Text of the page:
Truman High School is one of the remaining large high schools in the Bronx that has not been phased out and broken up into a number of small schools. This trend, which has been popular in the city, has seen other high schools in the borough, such as Evander Childs High School and Roosevelt High School closed and split into a number of smaller schools located in the same building. The school does, however, host Bronx Health Sciences High School created as part of the small schools movement, and previously hosted two additional high schools which have since moved to other locations. Truman High School and Bronx Health Sciences compose Harry S. Truman Educational Campus.
The site of Truman High School and the rest of Co-op City was originally home to the Freedomland amusement park. In the mid-1960s, when Co-op City was being constructed, the city proposed to construct a large high school in the development as well as Herbert H. Lehman High School and Adlai E. Stevenson High School in eastern Bronx, John F. Kennedy High School in western Bronx, South Shore High School in Brooklyn, and August Martin High School in Queens. Both Truman and Kennedy High Schools were planned as "educational parks", containing multiple schools in park settings, and integrating students from multiple areas and backgrounds to stave off de facto segregation within the school system. Truman's academic park was also called "Northeast Bronx Educational Park" or "East Bronx Educational Park", with a total of five schools planned in the complex to serve 10,400 students from both Co-op City and surrounding neighborhoods. The Northeast Bronx Park was funded by a grant as part of the Elementary and Secondary Education Act, and was to be the prototype for numerous academic parks in other parts of the city. The project was sponsored and developed by the United Housing Foundation and RiverBay Corporation, who also developed Co-op City.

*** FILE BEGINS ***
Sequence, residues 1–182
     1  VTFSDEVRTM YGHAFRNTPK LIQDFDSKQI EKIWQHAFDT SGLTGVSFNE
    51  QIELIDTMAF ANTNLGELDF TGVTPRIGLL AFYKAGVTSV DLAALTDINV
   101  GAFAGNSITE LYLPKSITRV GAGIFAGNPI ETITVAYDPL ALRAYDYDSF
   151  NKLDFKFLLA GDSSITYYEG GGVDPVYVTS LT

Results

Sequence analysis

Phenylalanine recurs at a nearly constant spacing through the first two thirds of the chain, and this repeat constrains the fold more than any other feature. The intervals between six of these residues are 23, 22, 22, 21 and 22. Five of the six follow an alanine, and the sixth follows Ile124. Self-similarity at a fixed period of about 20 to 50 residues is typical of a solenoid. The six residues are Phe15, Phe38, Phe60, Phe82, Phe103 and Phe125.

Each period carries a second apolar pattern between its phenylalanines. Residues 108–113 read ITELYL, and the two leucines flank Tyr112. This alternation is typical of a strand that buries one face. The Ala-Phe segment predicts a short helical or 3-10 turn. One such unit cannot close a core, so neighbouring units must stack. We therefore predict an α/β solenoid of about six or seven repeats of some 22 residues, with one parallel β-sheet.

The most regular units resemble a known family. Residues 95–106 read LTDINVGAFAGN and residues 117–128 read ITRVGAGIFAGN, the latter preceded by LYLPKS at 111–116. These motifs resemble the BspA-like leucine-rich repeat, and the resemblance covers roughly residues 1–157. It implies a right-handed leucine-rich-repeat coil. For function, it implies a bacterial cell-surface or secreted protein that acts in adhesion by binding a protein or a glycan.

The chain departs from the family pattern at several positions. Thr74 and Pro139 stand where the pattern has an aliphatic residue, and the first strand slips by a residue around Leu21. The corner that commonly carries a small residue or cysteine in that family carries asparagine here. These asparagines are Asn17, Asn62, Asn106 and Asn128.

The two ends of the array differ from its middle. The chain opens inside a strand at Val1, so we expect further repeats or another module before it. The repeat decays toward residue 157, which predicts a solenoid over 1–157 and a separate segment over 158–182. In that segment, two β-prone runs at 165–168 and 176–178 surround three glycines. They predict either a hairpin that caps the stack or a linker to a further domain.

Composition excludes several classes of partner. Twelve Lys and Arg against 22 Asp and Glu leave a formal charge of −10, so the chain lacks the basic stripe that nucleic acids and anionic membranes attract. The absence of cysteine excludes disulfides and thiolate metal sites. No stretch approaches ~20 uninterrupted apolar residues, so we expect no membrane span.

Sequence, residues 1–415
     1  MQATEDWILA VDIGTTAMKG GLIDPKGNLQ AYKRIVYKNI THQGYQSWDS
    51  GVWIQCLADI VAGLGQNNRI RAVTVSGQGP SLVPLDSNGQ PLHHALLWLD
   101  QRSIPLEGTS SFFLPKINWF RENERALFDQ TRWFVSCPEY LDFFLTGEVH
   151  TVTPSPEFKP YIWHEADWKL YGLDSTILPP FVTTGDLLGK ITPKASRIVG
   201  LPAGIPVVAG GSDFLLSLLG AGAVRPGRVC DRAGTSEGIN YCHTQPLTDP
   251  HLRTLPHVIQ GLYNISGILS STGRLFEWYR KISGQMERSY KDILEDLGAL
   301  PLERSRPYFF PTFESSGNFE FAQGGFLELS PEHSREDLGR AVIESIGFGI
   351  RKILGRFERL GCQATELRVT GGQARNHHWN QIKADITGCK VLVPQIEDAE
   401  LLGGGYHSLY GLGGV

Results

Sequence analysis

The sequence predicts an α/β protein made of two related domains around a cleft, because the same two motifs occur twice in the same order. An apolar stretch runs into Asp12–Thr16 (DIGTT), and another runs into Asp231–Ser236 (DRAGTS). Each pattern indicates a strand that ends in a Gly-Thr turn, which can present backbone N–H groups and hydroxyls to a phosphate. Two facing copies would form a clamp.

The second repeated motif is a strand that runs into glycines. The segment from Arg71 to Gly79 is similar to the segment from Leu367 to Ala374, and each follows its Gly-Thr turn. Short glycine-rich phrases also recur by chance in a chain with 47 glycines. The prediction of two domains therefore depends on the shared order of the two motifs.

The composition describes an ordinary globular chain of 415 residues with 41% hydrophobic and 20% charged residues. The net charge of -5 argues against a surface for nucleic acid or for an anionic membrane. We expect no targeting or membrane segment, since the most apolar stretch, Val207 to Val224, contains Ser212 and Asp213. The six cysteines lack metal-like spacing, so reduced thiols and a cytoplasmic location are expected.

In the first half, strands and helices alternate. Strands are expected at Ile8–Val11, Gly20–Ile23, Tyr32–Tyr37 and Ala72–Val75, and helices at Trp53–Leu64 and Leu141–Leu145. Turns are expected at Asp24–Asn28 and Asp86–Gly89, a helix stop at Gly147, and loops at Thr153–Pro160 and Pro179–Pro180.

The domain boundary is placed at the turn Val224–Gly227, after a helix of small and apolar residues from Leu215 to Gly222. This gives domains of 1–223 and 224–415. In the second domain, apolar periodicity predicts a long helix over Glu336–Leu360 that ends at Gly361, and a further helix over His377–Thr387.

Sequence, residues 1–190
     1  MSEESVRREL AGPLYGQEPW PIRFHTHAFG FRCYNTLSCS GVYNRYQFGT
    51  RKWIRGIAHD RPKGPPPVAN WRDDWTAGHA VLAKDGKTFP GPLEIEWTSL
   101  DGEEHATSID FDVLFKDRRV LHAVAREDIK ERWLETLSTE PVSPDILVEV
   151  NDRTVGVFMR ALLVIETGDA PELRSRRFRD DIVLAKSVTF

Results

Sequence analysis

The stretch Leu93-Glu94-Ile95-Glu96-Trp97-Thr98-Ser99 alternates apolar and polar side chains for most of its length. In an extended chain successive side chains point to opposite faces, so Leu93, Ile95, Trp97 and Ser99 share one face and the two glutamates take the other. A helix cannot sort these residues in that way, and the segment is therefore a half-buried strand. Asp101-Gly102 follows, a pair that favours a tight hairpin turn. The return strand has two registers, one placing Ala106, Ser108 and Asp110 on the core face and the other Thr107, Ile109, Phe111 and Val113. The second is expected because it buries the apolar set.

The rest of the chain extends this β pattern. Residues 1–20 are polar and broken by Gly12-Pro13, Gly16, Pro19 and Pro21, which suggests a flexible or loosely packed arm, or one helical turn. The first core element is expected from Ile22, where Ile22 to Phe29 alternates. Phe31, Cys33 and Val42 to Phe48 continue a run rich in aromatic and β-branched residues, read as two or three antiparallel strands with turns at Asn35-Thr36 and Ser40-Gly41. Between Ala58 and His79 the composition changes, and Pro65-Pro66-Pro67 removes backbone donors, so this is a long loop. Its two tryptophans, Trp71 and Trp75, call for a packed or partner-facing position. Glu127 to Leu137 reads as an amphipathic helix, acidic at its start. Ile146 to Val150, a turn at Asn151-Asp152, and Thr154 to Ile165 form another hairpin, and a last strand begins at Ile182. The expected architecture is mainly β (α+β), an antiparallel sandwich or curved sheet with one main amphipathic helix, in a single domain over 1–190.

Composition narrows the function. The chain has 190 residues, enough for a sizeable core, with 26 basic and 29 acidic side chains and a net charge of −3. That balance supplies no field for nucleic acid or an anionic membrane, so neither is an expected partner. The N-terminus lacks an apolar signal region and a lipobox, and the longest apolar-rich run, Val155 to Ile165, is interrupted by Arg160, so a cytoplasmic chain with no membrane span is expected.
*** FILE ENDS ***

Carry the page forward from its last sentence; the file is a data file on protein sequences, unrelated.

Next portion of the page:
Construction on the complex began in 1969. During this time, a shopping center within the neighborhood was used as a temporary elementary school for local students. The first school completed within the park, PS 153, opened on September 13, 1971. The three remaining elementary and intermediate schools opened by September 1972. Truman High School opened on September 10, 1973, along with Beach Channel High School in Rockaway, Queens. The entire project cost $76 million. The completion of the athletic field was delayed due the 1970s fiscal crisis. Soon after opening, the buildings of the complex were found to have numerous structural problems including leaks, cracking, and faulty utilities. The complex was boycotted by local residents in 1975 until repairs were made. The issues led New York State Comptroller Edward V. Regan to audit the complex in late 1979.
In 1998, Sana Q. Nasser became the principal of Truman. Under a partnership with the non-profit organization "P.E.N.C.I.L.", she has created six small career-themed academies in TV Production/Media Communications, Culinary Arts, Air Force Junior ROTC, Engineering & Robotics, Law, and Business Computing. The academies serve to create and maintain the benefits and feeling of a small high school, with the variety of courses and extracurricular activities that can only be offered at a large high school. Students take their academy classes every day, for all four years of high school and change academies (or enroll in more that one), if their schedule permits. Statistical analysis done by the school has indicated that among students who participate in the academies, on-time graduation rates are significantly higher, and overall attendance, behavior and academic performance in the core subject areas has improved.
As part of the small schools movement championed by Mayor Michael Bloomberg and the Department of Education, three additional small high schools were opened within the Truman facility in September 2004: Bronx Health Sciences High School, East Bronx Academy for the Future, and Performance Conservatory High School (aka Bronx High School for Performance and Stagecraft). Truman was retained as a large high school. East Bronx Academy was moved to a new building in Crotona Park East in 2005, while Performance Conservatory is now part of the Herman Ridder Educational Campus and in the process of closing.